How Did the Acorn Housing Program Get Started?


Quick Answer

In 1970, the ACORN housing program began in Little Rock, Arkansas, when a National Welfare Rights Organizer, Wade Rathke, began a campaign to assist welfare recipients attain their basic needs of clothing and furniture, according to the Association of Community Organizations for Reform Now, or ACORN. Over time, this campaign grew into a national organization.

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Full Answer

In 1970, Rathke created the Arkansas Community Organizations for Reform Now to unite welfare recipients with the working poor around common issues, including free school lunches for children, Vietnam Veterans’ rights and unemployed workers’ concerns, as ACORN explains. Quickly, the organization grew as it established six regional offices in Arkansas and focused on small town, rural issues and local election politics, according to the Encyclopedia of Arkansas History & Culture. During the 1970s and 1980s, the organization continued to branch out into new states and entered national politics on the behalf of low- to moderate-income families, as ACORN describes.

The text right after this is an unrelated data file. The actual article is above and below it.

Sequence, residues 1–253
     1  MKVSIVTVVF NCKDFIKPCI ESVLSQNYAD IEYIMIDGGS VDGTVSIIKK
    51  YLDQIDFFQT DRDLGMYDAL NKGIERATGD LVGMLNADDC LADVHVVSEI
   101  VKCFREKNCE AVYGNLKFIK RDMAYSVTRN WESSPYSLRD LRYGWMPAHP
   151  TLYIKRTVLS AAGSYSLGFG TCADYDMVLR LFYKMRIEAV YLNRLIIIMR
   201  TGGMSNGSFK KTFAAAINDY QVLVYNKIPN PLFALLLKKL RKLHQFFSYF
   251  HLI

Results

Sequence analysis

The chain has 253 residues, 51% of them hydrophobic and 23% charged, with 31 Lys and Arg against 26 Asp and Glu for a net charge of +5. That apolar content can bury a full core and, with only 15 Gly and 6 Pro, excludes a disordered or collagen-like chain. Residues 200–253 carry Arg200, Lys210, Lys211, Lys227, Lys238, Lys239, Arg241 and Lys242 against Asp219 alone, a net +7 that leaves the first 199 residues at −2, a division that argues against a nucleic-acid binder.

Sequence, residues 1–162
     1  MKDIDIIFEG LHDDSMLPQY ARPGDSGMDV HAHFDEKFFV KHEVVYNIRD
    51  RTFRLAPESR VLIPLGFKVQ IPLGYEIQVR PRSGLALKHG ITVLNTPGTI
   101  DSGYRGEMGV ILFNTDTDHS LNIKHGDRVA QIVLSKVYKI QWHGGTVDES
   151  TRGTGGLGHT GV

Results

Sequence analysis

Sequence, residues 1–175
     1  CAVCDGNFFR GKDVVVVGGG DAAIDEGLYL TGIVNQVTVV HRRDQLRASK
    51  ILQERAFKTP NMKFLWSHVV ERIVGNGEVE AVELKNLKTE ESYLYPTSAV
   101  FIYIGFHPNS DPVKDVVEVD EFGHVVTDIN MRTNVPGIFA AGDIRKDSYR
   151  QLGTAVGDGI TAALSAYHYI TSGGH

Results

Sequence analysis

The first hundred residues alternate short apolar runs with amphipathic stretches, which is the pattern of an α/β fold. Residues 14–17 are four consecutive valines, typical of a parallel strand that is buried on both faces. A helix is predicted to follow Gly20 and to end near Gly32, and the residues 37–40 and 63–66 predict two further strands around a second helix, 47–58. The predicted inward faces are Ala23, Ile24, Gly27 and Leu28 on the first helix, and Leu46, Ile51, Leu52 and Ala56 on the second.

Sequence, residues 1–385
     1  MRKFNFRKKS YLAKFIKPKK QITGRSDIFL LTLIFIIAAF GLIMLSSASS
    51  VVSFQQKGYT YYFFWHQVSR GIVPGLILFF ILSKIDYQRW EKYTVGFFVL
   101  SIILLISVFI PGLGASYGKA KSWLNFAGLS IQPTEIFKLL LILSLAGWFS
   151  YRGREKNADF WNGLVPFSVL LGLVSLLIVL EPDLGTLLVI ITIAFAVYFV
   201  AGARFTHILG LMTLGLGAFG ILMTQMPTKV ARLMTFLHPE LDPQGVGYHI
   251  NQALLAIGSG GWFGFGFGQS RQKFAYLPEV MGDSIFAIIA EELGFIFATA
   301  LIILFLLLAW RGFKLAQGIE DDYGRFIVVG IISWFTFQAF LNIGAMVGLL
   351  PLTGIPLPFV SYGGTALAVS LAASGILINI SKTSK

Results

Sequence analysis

In the 1990s, under the Community Reinvestment Act, ACORN confronted discriminatory lending practices and sought to obtain affordable housing for low- to moderate-income families, and it worked with the federal government and various banks to provide home loans to groups often denied funding, as the Chicago Tribune reports. The federal government provided subsidies under the Affordable Housing Program, and ACORN also worked with banks to rehabilitate and sell abandoned houses.

ACORN disbanded in 2010. The organization faced allegations of fraud, as the Encyclopedia of Arkansas History & Culture indicates.

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